In the previous chapter, you saw how MySQL’s date and time datatypes can save storage space—50% or more over storing dates as strings—but that’s not the only reason for using them. One aspect of applications programming that’s often troublesome is working with dates. Different programming languages have radically different ways of representing dates and performing date calculations; users and clients have different requirements for how they’re displayed. By leveraging MySQL functions that are associated with DATE, TIME, and DATETIME values, you can minimize and sometimes even eliminate many of these problems.
First, let’s look at how to get the current date and time. MySQL supports all of the standard SQL functions for this, as well as several others, as shown in Table 4-3.
Table 4-3. Current Date and Time Functions Supported by MySQL
* SYSDATE() is supported to provide compatibility with Oracle.
** The UTC functions were added in MySQL 4.1.1.
Note that functions expecting a TIME value will generally accept DATETIME values while ignoring the date part. Functions that expect a DATE value will generally accept a DATETIME value and ignore the time portion of the value.
It’s somewhat customary in MySQL to use NOW(), CURDATE() , and CURTIME() , since these are short and convenient. However, if compatibility with other databases is an issue, you should use the standard SQL functions instead. To convert from a Unix-style timestamp to date/time format, use the FROM_UNIXTIME() function.
If you call any functions returning the current date and/or time in the same query, they will always return the same date and/or time.
Date and Time Formatting and Extraction
If your application doesn’t need to support multiple locales or languages, you can perform most, if not all, of your date formatting in your queries using the DATE_FORMAT() function, which takes this form:
where date is a date, and format is a string containing one or more format specifiers and optional additional punctuation marks. Table 4-4 shows a partial listing of the available format specifiers.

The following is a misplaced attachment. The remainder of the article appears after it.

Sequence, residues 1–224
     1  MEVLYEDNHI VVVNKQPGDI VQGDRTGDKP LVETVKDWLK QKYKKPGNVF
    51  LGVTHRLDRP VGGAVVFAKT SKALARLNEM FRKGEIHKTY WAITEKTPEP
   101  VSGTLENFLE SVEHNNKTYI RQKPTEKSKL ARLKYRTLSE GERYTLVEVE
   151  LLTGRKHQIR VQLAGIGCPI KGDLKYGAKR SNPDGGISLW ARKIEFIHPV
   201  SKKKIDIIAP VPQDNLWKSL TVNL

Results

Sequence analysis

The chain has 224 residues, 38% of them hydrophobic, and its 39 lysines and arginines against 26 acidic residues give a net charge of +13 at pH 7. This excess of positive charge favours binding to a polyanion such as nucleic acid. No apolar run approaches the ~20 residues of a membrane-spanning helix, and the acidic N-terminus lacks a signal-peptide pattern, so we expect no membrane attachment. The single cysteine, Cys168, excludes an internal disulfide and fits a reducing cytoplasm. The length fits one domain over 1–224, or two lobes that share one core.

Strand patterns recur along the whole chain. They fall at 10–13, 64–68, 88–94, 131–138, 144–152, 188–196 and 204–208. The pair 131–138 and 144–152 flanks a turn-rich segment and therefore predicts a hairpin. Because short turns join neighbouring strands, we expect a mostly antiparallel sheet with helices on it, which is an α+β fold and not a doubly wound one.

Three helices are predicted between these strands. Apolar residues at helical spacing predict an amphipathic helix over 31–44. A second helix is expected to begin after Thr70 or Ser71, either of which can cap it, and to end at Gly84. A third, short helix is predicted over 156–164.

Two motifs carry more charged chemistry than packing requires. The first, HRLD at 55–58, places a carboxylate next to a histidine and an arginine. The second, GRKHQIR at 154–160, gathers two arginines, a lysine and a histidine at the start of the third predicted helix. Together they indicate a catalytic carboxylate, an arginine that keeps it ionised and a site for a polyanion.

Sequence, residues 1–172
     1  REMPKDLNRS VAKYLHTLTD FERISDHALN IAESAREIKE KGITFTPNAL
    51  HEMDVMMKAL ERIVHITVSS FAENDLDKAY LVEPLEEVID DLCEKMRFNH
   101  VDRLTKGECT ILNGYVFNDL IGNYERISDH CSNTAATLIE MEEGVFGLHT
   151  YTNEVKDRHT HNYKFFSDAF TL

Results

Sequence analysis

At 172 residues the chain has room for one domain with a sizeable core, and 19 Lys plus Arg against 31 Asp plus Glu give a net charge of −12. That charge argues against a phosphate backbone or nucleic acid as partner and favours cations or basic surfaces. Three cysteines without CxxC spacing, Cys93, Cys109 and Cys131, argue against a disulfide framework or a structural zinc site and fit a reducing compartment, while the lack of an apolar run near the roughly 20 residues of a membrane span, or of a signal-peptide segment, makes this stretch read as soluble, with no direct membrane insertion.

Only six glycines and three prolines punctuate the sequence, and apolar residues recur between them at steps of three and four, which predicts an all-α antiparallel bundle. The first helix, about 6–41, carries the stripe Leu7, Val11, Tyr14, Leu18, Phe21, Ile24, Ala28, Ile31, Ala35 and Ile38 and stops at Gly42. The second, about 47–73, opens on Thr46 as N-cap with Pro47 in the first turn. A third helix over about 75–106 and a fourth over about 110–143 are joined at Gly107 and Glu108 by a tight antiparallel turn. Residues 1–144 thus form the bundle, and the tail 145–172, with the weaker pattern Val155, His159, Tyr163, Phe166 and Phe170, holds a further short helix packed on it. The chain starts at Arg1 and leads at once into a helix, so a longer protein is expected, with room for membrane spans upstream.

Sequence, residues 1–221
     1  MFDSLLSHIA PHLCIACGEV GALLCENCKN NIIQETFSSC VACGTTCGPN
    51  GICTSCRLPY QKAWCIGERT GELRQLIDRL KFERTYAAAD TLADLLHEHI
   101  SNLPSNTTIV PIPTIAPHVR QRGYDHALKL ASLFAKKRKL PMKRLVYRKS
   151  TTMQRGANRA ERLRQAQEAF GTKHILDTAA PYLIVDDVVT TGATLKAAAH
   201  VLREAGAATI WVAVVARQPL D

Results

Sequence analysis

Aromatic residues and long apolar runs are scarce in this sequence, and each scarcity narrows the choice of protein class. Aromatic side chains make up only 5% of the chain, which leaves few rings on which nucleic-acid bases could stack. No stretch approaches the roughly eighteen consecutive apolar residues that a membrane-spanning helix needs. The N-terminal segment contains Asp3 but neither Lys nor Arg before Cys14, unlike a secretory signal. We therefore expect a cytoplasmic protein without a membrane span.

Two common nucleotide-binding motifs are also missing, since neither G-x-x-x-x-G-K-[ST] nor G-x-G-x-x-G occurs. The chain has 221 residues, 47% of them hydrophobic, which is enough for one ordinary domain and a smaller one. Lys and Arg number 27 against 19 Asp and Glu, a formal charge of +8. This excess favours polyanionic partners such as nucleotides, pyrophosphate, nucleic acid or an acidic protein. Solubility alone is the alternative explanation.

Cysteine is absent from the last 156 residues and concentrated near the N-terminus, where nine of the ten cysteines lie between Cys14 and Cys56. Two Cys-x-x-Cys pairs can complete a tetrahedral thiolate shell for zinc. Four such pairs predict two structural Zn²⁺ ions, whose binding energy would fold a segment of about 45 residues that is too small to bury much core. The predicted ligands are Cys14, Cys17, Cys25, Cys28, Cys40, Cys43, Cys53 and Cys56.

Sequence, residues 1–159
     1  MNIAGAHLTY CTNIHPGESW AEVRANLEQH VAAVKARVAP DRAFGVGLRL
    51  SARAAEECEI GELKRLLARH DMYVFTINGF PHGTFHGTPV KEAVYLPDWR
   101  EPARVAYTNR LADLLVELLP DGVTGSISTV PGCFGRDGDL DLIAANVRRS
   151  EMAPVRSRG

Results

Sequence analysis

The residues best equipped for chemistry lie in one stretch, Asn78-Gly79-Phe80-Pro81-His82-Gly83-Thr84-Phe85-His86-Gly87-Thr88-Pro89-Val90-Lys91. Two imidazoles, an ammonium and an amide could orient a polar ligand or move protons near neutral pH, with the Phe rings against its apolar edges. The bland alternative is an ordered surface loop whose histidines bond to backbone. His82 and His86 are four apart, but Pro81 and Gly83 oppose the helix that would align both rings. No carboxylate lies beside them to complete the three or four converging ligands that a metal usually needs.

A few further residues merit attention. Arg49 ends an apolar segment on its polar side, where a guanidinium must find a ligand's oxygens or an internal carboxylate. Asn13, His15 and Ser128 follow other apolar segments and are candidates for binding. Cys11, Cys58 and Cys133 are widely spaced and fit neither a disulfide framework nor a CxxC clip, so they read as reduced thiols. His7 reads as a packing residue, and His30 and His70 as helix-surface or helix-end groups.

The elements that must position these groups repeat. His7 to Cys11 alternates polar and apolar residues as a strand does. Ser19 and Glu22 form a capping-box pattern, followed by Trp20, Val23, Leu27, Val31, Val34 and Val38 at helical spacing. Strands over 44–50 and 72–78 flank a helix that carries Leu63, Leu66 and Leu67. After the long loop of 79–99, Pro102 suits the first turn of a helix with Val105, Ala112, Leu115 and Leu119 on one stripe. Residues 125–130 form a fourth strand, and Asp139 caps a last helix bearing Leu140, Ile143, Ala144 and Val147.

Table 4-4. Some Format Specifiers for DATE_FORMAT() and Date Arithmetic Functions
Table 4-4. Some Format Specifiers for DATE_FORMAT() and Date Arithmetic Functions (Continued)
*These specifiers return the names of days and months in English.
The following are a few examples of formatting dates.
Formatting dates can be even easier in MySQL 4.1.1 and above, using the GET_FORMAT() function. This function returns format strings for a number of locales:
The locale argument can take one of several predefined values: 'EUR' , 'USA' , 'JIS' , 'ISO' , and 'INTERNAL' . GET_FORMAT() can be used in place of a format string wherever one is applicable. Here are some examples:
The SUBDATE() function employed in the second example is used to subtract dates, as discussed in the “Date Arithmetic” section later in this chapter.
You can also obtain the various parts of a date, time, or datetime as a number using the functions shown in Table 4-5.
* The WEEK() function takes an optional second mode argument. The behavior of this function also changed significantly in MySQL 4.0; see the MySQL Manual for details.
Another means of extracting portions of dates and times is to use the EXTRACT() function, which takes this form:
EXTRACT(type FROM date)
It returns a number corresponding to the part of the date argument specified by type. The type argument is the name of one of the following units of time: MICROSECOND, SECOND, MINUTE, HOUR, DAY, WEEK, MONTH, QUARTER, or YEAR. MICROSECOND was added in MySQL 4.1.1; WEEK and QUARTER were added in MySQL 5.0.0. (The date argument is a date or date/time value in standard format.) Here are some examples:
If a time value is missing when you use EXTRACT() , it returns 0.
In addition, the following compound types are permitted: MINUTE_SECOND, HOUR_SECOND, HOUR_MINUTE, DAY_SECOND, DAY_MINUTE, DAY_HOUR, and YEAR_MONTH. Each of these actually specifies a complete set of values; that is, any values that would normally be expected are filled in. For example, if you use HOUR_SECOND for the type, MySQL returns the hours, minutes, and seconds as a number.
MySQL 4.1.1 and above also supports these compound types, which include microseconds: SECOND_MICROSECOND, MINUTE_MICROSECOND, HOUR_MICROSECOND , and DAY_MICROSECOND. These also fill in the missing units from the range, as in this example:
EXTRACT(DAY_MICROSECOND FROM '2004-05-15 15:35:25.104528')
This returns the value 151535250104528.
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